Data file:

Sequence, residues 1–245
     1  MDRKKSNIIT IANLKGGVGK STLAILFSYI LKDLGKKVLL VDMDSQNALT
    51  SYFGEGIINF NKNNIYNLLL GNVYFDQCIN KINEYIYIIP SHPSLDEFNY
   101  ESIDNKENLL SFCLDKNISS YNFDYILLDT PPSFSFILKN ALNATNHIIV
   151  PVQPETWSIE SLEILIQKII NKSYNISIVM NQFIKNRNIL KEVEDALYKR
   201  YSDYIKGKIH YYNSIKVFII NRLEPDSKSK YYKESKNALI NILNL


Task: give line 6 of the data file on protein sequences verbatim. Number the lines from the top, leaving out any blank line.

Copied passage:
   201  YSDYIKGKIH YYNSIKVFII NRLEPDSKSK YYKESKNALI NILNL